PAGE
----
Michigan Womyn's Music Festival turns 35

Ask women from 8 years old to 80 why they continue to haul themselves and their camping gear from Alaska, New Zealand, San Francisco, Chicago, Brooklyn, London and all points in between to the woods in the middle of Michigan where there's no cell phone service or Internet access. They'll tell you some variation on this simple truth: "It's the week that gets me through the rest of the year."
As several women said in an online discussion: "Until you experience it, you don't understand how it will change you." "I never realized I needed Fest before I went. Now I can't imagine living without it."
Back in 1976, the Festival was one of many upstart institutions that created space for women to color outside the lines of the male mainstream. Today, very few of those bookstores, coffeehouses, and collectives survive. We may have more visibility, more acceptance and rights that are slowly being recognized, but the hunger for a place that makes us feel powerful, beautiful, safe and free is as strongly felt as ever.
"Thirty-five years – no matter what you're doing – is a long time," says producer Lisa Vogel, who co-founded the Festival when she was 19. "To have a community that sustains itself over that many years is awesome. It speaks to the heart we all put into it."
The Festival, which celebrates its 35th anniversary this year from Aug. 3-8, is a community created by thousands of women of all ages: musicians and artists, builders and healers, peacekeepers and troublemakers. Poet Alix Olson calls it "the lesbian feminist government in exile."
Oh yes, and there's the music.
"I looked to the first, second and third decades to reflect slices of our entire 'herstory,'" says Vogel, who also invited nine acts who have never played the Festival.
Young festival-goers are just as likely to fall in love with pioneers Cris Williamson, Holly Near and Ferron as dykes from the '70s are to go crazy for JD Samson's new band – even if it is called MEN.
The program reflects the artists' deep love for the Festival. The Indigo Girls are taking a leave from Lilith Fair to play Michigan. The Butchies are staging a special Michigan reunion show for the first time in five years. Everyone is hoping for a chance to join the magical mix of Wednesday night's Opening Ceremony and Saturday night's Chix Lix '76. Also on the Night Stage: Laura Love, Elvira Kurt, BETTY, Cocomama, Sia and Toshi Reagon.
The on-stage action kicks off Tuesday at the Acoustic Stage with Marga Gomez performing her award-winning theater piece, "Long Island Iced Latina." New to the Acoustic Stage this year are Micia Mosely's comedic vignettes; selections from Karma Mayet Johnson's blues opera Indigo; Anais Mitchell, coming off her tour with Ani DiFranco; alt-country stand-out Stella!; and the only out lesbian to perform at the Grand Ole Opry, Mary "Drag Queens in Limousines" Gauthier. Returning crowd-pleasers are singer-songwriter Nicole Reynolds, Slanty Eyed Mama, Jamaican slam poet Staceyann Chin and Dance Brigade.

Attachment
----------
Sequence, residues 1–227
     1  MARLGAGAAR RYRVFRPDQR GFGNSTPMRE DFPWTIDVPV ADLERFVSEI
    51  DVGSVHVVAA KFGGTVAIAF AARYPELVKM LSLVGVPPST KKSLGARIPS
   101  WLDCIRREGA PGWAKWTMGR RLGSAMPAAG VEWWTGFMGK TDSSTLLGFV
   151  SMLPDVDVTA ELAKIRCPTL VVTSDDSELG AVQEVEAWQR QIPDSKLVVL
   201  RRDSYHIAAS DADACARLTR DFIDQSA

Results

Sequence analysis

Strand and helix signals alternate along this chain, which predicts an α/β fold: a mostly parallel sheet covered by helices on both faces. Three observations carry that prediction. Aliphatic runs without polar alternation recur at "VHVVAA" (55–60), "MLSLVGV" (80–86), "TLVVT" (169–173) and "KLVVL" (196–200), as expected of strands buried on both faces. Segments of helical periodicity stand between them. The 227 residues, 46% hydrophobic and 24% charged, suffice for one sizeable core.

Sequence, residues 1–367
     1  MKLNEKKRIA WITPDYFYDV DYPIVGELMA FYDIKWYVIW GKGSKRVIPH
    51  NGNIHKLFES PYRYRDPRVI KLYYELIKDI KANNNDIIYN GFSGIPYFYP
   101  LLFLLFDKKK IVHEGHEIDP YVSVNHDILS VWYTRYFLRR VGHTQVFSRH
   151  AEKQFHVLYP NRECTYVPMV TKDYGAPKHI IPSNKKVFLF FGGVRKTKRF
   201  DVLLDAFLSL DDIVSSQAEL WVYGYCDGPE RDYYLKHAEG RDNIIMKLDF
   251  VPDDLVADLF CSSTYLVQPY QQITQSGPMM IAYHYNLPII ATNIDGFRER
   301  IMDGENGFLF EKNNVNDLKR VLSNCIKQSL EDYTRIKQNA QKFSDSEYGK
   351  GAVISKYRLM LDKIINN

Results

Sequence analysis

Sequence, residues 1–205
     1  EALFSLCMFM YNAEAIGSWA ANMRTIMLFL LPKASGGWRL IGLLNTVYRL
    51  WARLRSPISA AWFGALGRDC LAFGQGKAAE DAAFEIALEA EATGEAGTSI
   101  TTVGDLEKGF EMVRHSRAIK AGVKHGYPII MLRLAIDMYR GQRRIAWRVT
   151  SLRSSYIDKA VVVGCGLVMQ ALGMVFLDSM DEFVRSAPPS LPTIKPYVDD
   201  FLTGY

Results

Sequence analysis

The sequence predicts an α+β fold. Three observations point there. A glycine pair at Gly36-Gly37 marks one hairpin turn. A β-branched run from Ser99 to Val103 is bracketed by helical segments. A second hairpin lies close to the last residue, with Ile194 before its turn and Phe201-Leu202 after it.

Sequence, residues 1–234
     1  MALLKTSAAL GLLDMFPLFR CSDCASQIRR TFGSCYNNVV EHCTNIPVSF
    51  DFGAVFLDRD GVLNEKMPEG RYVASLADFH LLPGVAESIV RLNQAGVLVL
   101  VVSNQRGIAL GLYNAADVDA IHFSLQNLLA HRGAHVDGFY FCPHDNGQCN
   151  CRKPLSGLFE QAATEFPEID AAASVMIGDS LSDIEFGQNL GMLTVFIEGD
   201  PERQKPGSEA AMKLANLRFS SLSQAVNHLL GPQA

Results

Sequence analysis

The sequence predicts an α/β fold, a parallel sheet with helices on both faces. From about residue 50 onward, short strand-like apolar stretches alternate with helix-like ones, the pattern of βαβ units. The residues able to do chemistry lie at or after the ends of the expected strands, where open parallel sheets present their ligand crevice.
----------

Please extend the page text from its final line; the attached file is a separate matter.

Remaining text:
Thursday through Saturday the Day Stage will be sizzling with the hip-hop beats of Reina Williams and Skim; the raw rock and bluesy rhythms of Sistas in the Pit and Nedra Johnson; indie sensations Chris Pureka and Erin McKeown; two stars of the Northwest music scene making their Michigan debut, Tender Forever and Mirah; and the category-defying Bitch.
Sunday wraps up with the beloved interactive performances of Ubaka Hill's Drumsong Orchestra and Aleah Long's One World Inspirational Choir; Comedy Sunday with Mimi Gonzalez, Michele Balan, and Julie Goldman; and the closing Candlelight Concert led by Ruth Barrett.
Your all-inclusive ticket includes three delicious vegetarian meals a day and camping amidst the oaks and ferns; a film festival, crafts bazaar and hundreds of workshops; the infamous Femme Parade and Butch Strut; along with a spelling bee, dances, sporting events, open mics and parties. Your workshifts will get you behind the scenes helping to deliver the full range of services that nurture the community, from networking for Women of Color and sign language interpretation, to child care, first aid, recovery support and transportation.
Forty performances, 23 meals, a safe place to sleep, and an abundance of other services: little more than $60 a day. An experience that sustains you for the rest of the year: priceless.
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